Schaumburg students walk out in protest over gun laws

SHS Students demonstrate outside on February 21, 2018. Approximately 1200 students gathered together.

Krislyn Cardoza and Meghan Kier, Editors-In-Chief

In the wake of the Florida high school shooting that left 17 dead, an estimated 1200 Schaumburg High students walked out of school on Wednesday, February 21 to demand stricter gun control and school safety.

As the bell rang to signal the end of fifth period, students, many carrying signs and chanting “save our kids,” “no more guns,”  and , exited the building and gathered in a designated area along Schaumburg Road where they remained for approximately 30 minutes before re-entering the building. The protest culminated in 17 minutes of silence, one minute for each victim of the Florida massacre.

“We want to get the ball rolling, and we want students at Marjory Stoneman Douglas High School to see us and know that we stand in solidarity with them,” Senior Mina Mazeikis said. “We are very much protesting the leniency and lack of laws. We want gun reform.”

Students met with administration on Wednesday morning and informed them of their intent to the protest. A plan was put in motion that included school staff, faculty, administrators, and local police.

“We’ve given politicians time to take any action. The time is ours,” said senior Jake Kaminski. “If they’re not going to do anything, we’re going to show them we’re not happy with them.”

While many students nationwide contend that the walkout was merely for exposure, other teens are already planning future protests in the upcoming months. On March 14th, students have planned a seventeen-minute National School Walkout devoted to honor each life lost in the Marjory Stoneman Douglas High School shooting.

We are very much protesting the leniency and lack of laws. We want gun reform.”

— Mina Mazeikis

“A lot of people forget about what happens, so we need to have more protests,” demonstrator Molly Hall said. “This is something serious and something we shouldn’t just forget. We have to do something about it.”

SHS students continue to take action by writing letters to their congressional representatives­­, lobbying and calling their state representatives. Many individuals believe that more exposure and visibility on the issue will generate a greater impact.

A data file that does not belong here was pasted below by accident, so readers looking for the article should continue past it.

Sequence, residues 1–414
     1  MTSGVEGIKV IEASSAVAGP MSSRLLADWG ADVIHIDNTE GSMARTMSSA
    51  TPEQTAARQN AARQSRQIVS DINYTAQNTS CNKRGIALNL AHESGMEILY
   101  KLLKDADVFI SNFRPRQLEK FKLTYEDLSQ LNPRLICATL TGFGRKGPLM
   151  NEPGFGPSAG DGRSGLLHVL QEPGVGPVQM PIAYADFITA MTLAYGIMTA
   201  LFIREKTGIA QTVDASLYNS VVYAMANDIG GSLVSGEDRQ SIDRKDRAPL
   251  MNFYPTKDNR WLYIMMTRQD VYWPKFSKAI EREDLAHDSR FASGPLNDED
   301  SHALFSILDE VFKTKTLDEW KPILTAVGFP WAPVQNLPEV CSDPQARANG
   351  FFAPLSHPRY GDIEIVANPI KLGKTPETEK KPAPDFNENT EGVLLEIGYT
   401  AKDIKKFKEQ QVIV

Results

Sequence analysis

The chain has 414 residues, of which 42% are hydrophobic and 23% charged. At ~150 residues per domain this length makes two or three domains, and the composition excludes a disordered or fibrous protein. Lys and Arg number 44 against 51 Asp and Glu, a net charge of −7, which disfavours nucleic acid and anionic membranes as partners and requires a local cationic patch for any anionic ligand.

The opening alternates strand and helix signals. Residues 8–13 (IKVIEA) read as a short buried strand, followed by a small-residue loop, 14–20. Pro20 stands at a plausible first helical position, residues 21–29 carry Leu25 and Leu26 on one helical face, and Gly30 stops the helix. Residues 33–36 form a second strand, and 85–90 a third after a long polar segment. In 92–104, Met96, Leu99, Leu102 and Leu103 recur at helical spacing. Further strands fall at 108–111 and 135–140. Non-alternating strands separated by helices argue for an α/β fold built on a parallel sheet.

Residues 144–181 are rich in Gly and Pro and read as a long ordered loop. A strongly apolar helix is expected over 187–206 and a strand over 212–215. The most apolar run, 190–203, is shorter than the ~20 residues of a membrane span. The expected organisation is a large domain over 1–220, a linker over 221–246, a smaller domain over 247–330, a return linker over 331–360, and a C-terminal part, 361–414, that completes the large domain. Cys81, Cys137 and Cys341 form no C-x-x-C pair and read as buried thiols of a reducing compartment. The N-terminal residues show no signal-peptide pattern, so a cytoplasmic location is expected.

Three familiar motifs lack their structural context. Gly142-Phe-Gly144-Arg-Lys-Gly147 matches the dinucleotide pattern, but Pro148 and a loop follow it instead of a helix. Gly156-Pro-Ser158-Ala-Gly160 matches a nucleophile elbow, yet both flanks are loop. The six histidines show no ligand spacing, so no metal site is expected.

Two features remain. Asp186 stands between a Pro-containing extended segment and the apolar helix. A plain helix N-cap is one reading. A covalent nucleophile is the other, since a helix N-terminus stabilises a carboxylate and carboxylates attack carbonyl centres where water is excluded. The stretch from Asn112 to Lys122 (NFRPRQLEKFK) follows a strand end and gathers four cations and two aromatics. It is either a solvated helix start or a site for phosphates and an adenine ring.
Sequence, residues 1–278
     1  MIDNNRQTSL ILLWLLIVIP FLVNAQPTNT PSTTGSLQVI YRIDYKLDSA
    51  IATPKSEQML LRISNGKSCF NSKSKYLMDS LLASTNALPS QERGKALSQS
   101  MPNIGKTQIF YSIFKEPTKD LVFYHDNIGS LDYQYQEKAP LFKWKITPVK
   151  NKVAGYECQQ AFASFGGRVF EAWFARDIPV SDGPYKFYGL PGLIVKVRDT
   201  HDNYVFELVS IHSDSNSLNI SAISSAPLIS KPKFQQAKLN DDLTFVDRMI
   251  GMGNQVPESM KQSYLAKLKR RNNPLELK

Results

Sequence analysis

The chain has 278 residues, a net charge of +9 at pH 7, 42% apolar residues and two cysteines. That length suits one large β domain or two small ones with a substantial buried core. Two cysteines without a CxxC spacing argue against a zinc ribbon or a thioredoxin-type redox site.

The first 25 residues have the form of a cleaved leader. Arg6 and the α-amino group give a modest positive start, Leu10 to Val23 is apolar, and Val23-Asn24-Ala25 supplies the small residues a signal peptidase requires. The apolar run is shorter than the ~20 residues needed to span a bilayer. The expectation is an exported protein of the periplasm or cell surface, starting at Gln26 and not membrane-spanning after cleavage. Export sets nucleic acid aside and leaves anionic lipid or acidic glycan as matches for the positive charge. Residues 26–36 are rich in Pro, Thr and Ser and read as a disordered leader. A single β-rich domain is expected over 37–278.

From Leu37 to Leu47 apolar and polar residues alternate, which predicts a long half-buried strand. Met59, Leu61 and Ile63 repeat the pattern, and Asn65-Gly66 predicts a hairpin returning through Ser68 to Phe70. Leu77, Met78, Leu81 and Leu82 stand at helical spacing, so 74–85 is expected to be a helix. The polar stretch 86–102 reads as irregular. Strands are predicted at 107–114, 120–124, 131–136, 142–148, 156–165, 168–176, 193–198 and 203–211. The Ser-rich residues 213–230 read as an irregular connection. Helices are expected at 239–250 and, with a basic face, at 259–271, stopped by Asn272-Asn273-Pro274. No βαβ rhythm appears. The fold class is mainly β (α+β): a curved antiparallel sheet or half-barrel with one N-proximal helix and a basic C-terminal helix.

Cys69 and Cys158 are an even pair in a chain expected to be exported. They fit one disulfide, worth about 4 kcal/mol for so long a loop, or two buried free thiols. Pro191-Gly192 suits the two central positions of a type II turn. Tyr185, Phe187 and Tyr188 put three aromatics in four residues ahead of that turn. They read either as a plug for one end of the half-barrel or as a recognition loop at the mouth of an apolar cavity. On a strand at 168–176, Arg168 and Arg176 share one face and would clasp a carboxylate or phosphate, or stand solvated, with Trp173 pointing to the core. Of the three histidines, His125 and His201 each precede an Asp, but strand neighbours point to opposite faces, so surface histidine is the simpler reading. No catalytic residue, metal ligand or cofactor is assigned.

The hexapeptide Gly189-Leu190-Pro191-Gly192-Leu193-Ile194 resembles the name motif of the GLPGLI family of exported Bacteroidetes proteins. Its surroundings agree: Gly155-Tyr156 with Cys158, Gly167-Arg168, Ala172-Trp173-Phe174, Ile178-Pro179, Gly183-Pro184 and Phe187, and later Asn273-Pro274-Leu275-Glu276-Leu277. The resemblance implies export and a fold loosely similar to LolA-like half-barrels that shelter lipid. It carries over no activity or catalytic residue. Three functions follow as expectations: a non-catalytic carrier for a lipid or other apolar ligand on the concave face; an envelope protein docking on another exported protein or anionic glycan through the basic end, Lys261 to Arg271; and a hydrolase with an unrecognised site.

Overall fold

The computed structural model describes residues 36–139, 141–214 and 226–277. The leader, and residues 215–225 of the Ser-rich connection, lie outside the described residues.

“I definitely think that we are on the right track, but our fight for gun control cannot stop at the school doors! As students, we need to reach out and spread the word. What we did today was so empowering but that need for justice cannot stop.”

While Schaumburg students protest current gun laws, District 211 has emphasized its commitment to student safety. In a letter, Superintendent Dan Cates informed parents that the district takes every precaution to ensure student safety. In his letter, Dr. Cates outlined procedures for reporting concerns, safety drills, and the district’s relationship with local resources, including police, hospitals, crisis teams, and therapists.

“Our mission was, and is, to keep kids safe at all times,” Principal Little explained.

Within the upcoming years, Schaumburg High School students will be turning 18, allowing them to vote in future elections. Students at Schaumburg are taking matters into their own hands. By registering to vote and casting ballots in the election, students can act upon the issues that they are inspired to change.

As people have rallied together to take action, Principal Little has also taken care to remind students that they also have a responsibility to communicate and share concerns. We can all work together to keep our school and community safe.  If you, or anyone you know, has information that can help keep Schaumburg students safe, please report your concerns to a teacher, administrator, or staff member, or you can fill out a safety concern on the Schaumburg website.

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